Men and women across the country show unfettered affection to one another without the connotation of sexuality or morality, which has obliterated natural human interactions in the Western world. As the United States and other rich countries grapple with these issues, Ethiopians march on with little concern or awareness that the public display of affection between the sexes or public breastfeeding has any bearing on the question of morality and sexuality.
Breastfeeding and public displays of affection are seldom, if at all, discussed as a civic issue in Ethiopia. Questions of morality are deeply personal here and are rarely raised as an issue of social liberalism, political stance or legal position; nor are they discussed in the public sphere or become topics of discussion at family dinners.
This is one of the reasons that the nation, as conservative as it is, has thus far escaped the quagmire of the divisive issue of abortion rights. While countless women around the world are forced to deal with the morality and legality of abortion, Ethiopians simply sail on and leave the matter to the women and the clinics. Even the 2005 Abortion Law seems to be more “honoured in the breach than in the observance.”
On the other side of the globe, however, the United States struggles with abortion despite numerous laws and has waded into the quicksand of legal decisions that have granted states the power to regulate abortion. The result is that some states engage in restricting abortions to such an extent that they have effectively banned it.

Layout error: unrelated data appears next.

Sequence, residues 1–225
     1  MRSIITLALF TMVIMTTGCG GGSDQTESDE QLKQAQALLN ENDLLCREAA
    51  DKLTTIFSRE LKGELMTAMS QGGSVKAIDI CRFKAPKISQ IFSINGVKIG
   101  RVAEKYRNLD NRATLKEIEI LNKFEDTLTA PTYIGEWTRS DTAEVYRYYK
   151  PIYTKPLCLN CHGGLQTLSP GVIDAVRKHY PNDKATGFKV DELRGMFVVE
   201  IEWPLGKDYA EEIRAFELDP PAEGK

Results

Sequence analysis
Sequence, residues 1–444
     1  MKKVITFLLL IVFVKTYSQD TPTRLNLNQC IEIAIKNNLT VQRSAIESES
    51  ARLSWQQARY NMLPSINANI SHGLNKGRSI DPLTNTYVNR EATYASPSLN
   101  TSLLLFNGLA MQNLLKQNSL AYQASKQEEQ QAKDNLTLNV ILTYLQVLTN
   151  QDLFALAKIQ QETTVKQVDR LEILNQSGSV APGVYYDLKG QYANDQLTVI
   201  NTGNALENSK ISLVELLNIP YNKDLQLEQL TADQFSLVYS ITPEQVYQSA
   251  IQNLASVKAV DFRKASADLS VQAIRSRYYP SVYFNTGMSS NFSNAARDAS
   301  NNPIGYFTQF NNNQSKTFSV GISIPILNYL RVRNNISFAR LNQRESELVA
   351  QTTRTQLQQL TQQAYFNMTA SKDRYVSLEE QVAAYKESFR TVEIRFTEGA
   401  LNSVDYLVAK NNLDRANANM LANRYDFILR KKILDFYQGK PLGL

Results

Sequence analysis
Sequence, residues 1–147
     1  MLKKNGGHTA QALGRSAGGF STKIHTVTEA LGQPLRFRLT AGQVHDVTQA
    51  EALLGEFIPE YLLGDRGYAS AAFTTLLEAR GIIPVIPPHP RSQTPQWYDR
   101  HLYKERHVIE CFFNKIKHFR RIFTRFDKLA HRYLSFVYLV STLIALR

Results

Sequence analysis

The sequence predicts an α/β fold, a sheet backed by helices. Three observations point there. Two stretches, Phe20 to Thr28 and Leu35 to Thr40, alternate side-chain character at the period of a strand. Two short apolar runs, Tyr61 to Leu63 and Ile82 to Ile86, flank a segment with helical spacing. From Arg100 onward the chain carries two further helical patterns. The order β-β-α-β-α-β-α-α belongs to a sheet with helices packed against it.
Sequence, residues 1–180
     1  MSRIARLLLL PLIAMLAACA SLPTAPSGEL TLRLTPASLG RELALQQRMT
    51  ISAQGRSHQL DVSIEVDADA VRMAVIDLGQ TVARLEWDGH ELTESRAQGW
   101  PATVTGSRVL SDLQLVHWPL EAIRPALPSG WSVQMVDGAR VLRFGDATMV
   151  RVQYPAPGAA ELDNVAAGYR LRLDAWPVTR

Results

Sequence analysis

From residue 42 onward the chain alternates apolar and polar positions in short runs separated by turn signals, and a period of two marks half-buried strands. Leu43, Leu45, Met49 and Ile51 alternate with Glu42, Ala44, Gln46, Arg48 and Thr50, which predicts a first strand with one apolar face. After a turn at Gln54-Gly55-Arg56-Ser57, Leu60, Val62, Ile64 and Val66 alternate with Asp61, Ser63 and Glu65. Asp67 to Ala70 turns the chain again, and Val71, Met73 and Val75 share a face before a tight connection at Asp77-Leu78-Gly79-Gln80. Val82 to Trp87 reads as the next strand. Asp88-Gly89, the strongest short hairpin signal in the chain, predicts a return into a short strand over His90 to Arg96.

As for breastfeeding in the West, scholarly research is conducted, support groups are organised, laws are enacted and opinions are narrated ad nausea in the media, while mothers are known to be thrown out of public spaces for nursing their babies.
In the West, whenever this issue arises it is greeted with passionate responses, inflammatory comments and questions of propriety, decency and morality. Here, it is a muted topic which elicits nary a notice whether it takes place in a crowded city bus or a boutique café.
It is refreshing to observe that the sexual aspects of breastfeeding have escaped Ethiopia, and a “wholly modest and private world of infant suckling,” as the Conversation Magazine put it in 2016, would be an alien notion to the citizens.
In Ethiopia, the cultural norms are simple and hold individuals responsible for their own morality and decency. Nothing is expected of the toddler’s mother in the crowded bus than what her own modesty dictates to her. The society at large does not entangle itself on how individuals should handle themselves in matters of decency and morality that touch upon human nature.
Ethiopians, unique in many aspects of their lives, are way ahead of the rest of the world in their advanced outlook toward these sticky issues. Morality in Ethiopia is the individual’s contribution to society; and decency, the practical and cohesive cog that keeps it glued together. These elements together safeguard the welfare of the community, but they are not the primary reason for its existence.